Lloyd's Register has released its third guide to Ballast Water Treatment Technology. First launched in 2007, this latest version of the guide provides further independent and impartial information on commercially available and developing technologies for ballast water treatment.

The global requirement for ballast water treatment arises from the International Convention for The Control of Ships' Ballast Water and Sediments. This requires certain ship types to use treatment systems which make the treatment of ballast water one of the most significant environmental and operational challenges facing the marine industry today.

According to Dr Gillian Reynolds, Principal Environment and Sustainability Advisor at Lloyd's Register, to meet this legislation, ship operators are now being confronted with having to select the ballast water treatment solution which will work for them.

Dr Reynolds, who is responsible for developing the guide, said: “The intention of the guide is to help ship yards, owners, operators, regulators and other stakeholders understand the availability and approval status of commercial solutions and provide an insight into the different technologies involved.

“This revision provides updated information on suppliers and the solutions that they provide, and demonstrates the increasing commercial availability of approved ballast water treatment systems.”

Background

Ballast water contains a variety of organisms including bacteria and viruses and the adult and larval stages of the many marine and coastal plants and animals. While the vast majority of such organisms will not survive to the point when the ballast is discharged, some may survive and thrive in their new environment. These ‘non-native species’, if they become established, can have a serious ecological, economic and public health impact on the receiving environment.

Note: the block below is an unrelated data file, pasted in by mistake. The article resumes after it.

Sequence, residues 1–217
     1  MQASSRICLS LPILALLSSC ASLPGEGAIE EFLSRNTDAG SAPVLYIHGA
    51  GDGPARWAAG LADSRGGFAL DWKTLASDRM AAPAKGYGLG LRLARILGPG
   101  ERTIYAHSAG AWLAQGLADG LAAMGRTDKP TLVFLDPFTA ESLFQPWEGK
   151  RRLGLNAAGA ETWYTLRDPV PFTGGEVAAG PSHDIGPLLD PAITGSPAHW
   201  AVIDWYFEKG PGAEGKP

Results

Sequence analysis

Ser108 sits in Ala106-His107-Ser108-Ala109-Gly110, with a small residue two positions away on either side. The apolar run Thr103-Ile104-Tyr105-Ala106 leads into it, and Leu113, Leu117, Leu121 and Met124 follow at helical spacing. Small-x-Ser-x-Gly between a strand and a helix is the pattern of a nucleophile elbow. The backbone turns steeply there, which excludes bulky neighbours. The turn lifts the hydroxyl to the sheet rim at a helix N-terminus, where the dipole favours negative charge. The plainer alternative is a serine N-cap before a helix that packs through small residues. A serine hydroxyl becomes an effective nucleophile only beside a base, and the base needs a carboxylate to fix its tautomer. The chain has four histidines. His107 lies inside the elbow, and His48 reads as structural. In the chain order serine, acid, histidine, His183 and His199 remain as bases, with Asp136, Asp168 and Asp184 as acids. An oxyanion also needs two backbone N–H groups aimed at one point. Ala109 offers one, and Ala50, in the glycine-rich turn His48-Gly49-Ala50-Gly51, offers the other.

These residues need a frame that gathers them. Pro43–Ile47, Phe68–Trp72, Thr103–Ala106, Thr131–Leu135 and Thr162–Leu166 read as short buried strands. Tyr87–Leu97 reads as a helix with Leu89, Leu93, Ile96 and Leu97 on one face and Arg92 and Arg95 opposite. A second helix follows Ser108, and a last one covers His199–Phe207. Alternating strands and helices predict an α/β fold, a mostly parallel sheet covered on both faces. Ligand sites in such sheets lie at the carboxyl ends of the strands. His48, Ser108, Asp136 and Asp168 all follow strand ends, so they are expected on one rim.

To meet this challenge, the International Maritime Organization (IMO) has developed international legislation, the International Convention for the Control and Management of Ships’ Ballast Water and Sediments, to regulate discharges of ballast water and reduce the risk of introducing non-native species from ships’ ballast water.

The requirement for ballast water treatment has arisen from the requirements of regulation D-2 of the Convention. In response to this, a number of technologies have been developed and commercialized by different vendors. Many have their basis in land-based applications for municipal and industrial water and effluent treatment, and have been adapted to meet the requirements of the Ballast Water Management Convention and shipboard operation. These systems must be tested and approved in accordance with the relevant IMO Guidelines.

Section 2 of the guide gives a summary both of the governing regulation that ultimately makes ballast water treatment mandatory, and Section 3 summarizes water treatment technology as it relates to ballast water management.

These sections provide the background knowledge and context for Section 4 – an assessment of the commercial technologies either currently commercially available or projected to be market-ready by 2010/2011 with reference to their technical and economic viability and testing and approval status.